Colorado Probate Blog - Wade Ash Woods Hill & Farley, P.C.

“Sound Mind”, “Lucid Intervals” and “Insane Delusions” – What Does It All Mean?

Author and director William “Tim” Burton is quoted as saying, “They say that one person’s insanity is another person’s reality.” Recently, Wade Ash has been involved in several interesting cases involving testators suffering from cognitive impairment when they prepared their Will or Trust. Even persons who are declared mentally incompetent, incapacitated or suffering from various types of mental illness or addiction, may still have sufficient capacity to prepare a Will or Trust. A testator may even lack testamentary capacity, but still have “lucid intervals” enabling them to prepare a Will.

Continue reading
  36 Hits
36 Hits

Will Contests

The proponents of the Will have the initial burden of due execution, venue, and proof of death. The burden is on the contestant to show lack of testamentary capacity, fraud, undue influence, duress, mistake or revocation. However, undue influence cannot be inferred by motive and opportunity alone. There must be some evidence, either direct or circumstantial, to show that undue influence not only existed but also influenced the making of the Will. I have always considered the two most important witnesses in a Will contest to be the drafting attorney and treating doctor.

Continue reading
  89 Hits
89 Hits

Electronic Wills-Dispensing With Pen and Paper (Part I)

Will Requirements

Continue reading
  753 Hits
753 Hits

Contention Over Lunar Bibles

The state of Texas and Oklahoma resident Carol Mersch, have been in a six-year, estate-related battle in court over 10 teeny microfilm Bibles that traveled to the moon and back in 1971 with NASA’s Apollo 14 Mission. These tiny Bibles contain all 1,245 pages of the King James Bible and are roughly the size of a postage stamp that can only be read through a microscope. Carol Mersch, a Tulsa business woman and author, and the state of Texas are not seeing eye-to-eye on who these precious keepsakes belong to. In 2009, Mersch became friends with a man named John Stout, a NASA chaplain. She claims Stout gave her the Bibles while she was writing a book about trying to land a Bible on the moon. Mersch has a certificate of authenticity signed by Stout, but attorneys for the state of Texas and the Texas Department of Aging and Disability Services contend that due to the declining physical and mental health of Stout and his wife in their later years, they were considered wards of the state and their son, Jonathan Stout, should inherit the Bibles. Mersch is accused of exerting undue influence over Stout and his wife. She has spent approximately $500,000 defending the litigation regarding ownership of the moon Bibles. For now, until the rightful owner is established, these “First Lunar Bibles” remain stored in a Tulsa County courthouse pending a May 3 hearing.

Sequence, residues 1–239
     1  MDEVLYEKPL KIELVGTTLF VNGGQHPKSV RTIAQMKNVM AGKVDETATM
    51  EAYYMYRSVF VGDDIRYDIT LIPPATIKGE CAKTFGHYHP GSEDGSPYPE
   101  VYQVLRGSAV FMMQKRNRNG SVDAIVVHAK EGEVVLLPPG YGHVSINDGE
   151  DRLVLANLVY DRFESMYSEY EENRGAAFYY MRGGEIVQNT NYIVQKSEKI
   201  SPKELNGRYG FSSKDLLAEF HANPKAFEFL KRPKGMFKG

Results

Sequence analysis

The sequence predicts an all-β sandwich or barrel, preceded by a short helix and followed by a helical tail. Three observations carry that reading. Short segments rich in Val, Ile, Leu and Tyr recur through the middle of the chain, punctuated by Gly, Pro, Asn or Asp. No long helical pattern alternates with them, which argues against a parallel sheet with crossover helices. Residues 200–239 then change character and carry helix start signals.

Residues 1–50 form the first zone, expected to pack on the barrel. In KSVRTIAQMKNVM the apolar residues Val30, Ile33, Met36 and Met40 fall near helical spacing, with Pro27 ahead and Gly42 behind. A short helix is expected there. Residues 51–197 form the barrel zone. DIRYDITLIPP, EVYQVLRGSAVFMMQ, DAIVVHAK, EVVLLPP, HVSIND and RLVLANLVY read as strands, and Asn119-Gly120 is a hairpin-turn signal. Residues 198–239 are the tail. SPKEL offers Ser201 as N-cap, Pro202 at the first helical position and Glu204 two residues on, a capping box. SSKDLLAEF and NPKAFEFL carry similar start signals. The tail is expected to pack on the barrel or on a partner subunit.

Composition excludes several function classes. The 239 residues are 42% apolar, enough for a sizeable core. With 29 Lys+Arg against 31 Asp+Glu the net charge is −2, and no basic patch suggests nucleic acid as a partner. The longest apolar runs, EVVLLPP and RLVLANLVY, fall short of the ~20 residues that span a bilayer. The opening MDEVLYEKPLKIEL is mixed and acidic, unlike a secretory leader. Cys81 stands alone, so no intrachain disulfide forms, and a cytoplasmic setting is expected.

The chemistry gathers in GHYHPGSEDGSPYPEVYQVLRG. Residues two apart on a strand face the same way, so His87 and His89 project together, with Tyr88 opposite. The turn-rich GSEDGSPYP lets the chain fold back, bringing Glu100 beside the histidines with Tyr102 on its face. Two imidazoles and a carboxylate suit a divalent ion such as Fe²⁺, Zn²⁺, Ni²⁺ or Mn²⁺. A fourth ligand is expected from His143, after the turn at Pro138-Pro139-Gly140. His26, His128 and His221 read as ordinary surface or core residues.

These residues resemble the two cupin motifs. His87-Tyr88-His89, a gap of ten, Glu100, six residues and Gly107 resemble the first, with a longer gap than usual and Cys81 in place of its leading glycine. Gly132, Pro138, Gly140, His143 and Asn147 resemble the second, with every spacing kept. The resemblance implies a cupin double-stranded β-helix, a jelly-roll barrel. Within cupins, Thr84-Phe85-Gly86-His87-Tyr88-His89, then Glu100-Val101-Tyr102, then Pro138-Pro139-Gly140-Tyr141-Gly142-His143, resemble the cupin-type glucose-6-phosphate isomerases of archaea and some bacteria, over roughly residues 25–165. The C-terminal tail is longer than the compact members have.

591 Hits
591 Hits

Controversy in the Estate of Mickey Rooney

The legendary screen actor Mickey Rooney died on April 7, 2014, leaving behind his wife, Jan, eight children and three step-children. During the last few years of his life, Mr. Rooney and his wife of 37 years were separated, but not divorced. As the result of prolonged litigation, in which Mr. Rooney accused some of his children of physical and financial abuse, a court-appointed conservator was managing his financial affairs. On March 11, 2014, Mr. Rooney signed a Will which left his estate to one step-son, as that step-son had been caring for Mr. Rooney during the last years of his life. Shortly after his death, Mr. Rooney's widow and Mr. Rooney's biological children all filed lawsuits contesting the validity of the Will. The children contend the step-son exerted undue influence over Mr. Rooney, resulting in a Will that disinherited them. Mrs. Rooney claims that in written agreements between herself and Mr. Rooney's conservator following her separation from Mr. Rooney, she never waived her rights as his surviving spouse. Most states, including Colorado, give surviving spouses the right to inherit from the deceased spouse, based on the length of the marriage and the assets of the spouses. The executor of the estate stated the agreements between Mrs. Rooney and Mr. Rooney executed upon their separation explicitly waived her right to inherit from his estate. The executor also stated Mrs. Rooney did not waive her rights as a surviving spouse for purposes of social security and pension benefits. The sad fact is that Mr. Rooney died with very few assets (approximately $18,000 in personal property) and with large medical bills and amounts owed to the government. However, the potential for rights to likeness, royalties, and other intangible valuables may create an incentive to move forward on these Will contests. After payment of taxes, debts and attorneys, it is doubtful anyone in Mr. Rooney's family will walk away with anything besides memories.

  1331 Hits
1331 Hits